April has been a month of steady decline for canola futures, according to Barry Coleman, executive director of the Northern Canola Growers Association. It has been in a range of $450 to $470 a ton and is now in the lower half of the range at $459.
“Prices have been weakening as they feel the downward pull of crude oil and the general worries of demand suppression as a result of the COVID-19 pandemic in both the commodity and financial markets,” Coleman said. “There is a lot of uncertainty going forward and growers feel the price situation has weakened going forward.”
The local cash prices at crushing plants ranged from $14.32 to $14.94 a hundredweight on April 16, which signifies a drop in price since the last market report.
Canola oil demand is dropping due to the sudden closures of restaurants, schools, colleges and other food service establishments. The food service industry is a large consumer of canola oil with 550 million gallons of canola oil used domestically, and has resulted in a large buildup of vegetable oils at the wholesale level.
“Before the COVID-19 outbreak, it was estimated the United States would experience a 6.2 percent compound annual growth rate,” he said, “but things have certainly changed since then.”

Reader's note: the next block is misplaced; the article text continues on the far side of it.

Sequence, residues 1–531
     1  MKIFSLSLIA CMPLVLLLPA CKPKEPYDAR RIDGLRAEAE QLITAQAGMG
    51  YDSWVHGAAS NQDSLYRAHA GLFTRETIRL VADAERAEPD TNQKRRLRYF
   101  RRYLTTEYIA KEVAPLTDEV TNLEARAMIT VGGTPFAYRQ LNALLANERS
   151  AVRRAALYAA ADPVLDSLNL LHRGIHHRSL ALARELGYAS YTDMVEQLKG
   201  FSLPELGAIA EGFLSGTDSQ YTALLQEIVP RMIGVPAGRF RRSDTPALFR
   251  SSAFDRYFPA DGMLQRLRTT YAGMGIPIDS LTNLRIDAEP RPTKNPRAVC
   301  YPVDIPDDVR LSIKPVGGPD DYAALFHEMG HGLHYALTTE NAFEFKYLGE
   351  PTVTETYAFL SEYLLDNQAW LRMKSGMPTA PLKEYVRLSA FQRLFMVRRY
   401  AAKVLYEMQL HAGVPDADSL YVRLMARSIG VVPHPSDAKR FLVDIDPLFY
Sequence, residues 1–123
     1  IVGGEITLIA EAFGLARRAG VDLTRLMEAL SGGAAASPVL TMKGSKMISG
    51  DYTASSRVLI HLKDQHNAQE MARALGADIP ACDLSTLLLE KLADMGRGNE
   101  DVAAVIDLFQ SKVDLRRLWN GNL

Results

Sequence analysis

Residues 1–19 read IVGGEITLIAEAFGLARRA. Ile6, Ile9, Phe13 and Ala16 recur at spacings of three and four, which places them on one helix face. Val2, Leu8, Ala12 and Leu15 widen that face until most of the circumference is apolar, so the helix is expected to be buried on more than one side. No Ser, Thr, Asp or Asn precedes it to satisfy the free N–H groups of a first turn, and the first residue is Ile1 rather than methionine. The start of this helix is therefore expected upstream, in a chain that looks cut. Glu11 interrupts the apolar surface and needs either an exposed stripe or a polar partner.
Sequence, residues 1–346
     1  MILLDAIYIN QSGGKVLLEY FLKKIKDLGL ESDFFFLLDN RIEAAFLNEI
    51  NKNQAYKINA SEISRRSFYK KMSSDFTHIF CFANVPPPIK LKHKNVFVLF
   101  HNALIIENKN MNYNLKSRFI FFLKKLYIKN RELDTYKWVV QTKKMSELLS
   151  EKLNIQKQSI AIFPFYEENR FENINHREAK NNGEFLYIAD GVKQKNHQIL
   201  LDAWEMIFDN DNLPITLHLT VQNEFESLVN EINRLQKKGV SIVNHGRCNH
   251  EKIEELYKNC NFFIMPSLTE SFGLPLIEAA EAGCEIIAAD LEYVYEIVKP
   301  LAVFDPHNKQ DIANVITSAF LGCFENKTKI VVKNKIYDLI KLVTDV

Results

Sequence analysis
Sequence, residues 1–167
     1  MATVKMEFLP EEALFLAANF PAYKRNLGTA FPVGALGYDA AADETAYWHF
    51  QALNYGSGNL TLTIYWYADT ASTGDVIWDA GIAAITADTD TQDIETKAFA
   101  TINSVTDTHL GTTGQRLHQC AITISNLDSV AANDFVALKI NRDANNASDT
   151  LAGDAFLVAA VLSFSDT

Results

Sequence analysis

In addition, bio-diesel has a potential to drop due to the oil price crash, Coleman noted. The latest data shows that bio-diesel consumes 22 percent, or 150 million gallons, of all canola, which is a significant share of the market.
Another big user of canola is the dairy industry, which uses canola meal as a protein feed source. However, the dairy industry has suffered due to the sharp downturn in milk consumption due to school closings and reduction in food service business. This has caused some destruction in the canola meal market.
On what was thought to be a positive note, there was some indication that China was going to overlook the affair with Canada over the electronics official that was arrested in Canada over a year ago, and open up their market to Canadian canola again.
“That has turned out to not be the case,” Coleman noted. “They thought the Chinese would open up the market to more Canadian canola, which didn’t happen and they thought the dockage requirements would be relaxed and go back to 2.5 percent allowed instead of current 1.0 percent figure, but that didn’t happen either. Instead, the story was China was basically dictating this is the way it is going to be – there was no negotiation and that has led to a lot of frustration in the Canadian canola market.
“There is a lot of negative factors in the market right now, and that is what we are dealing with,” Coleman concluded.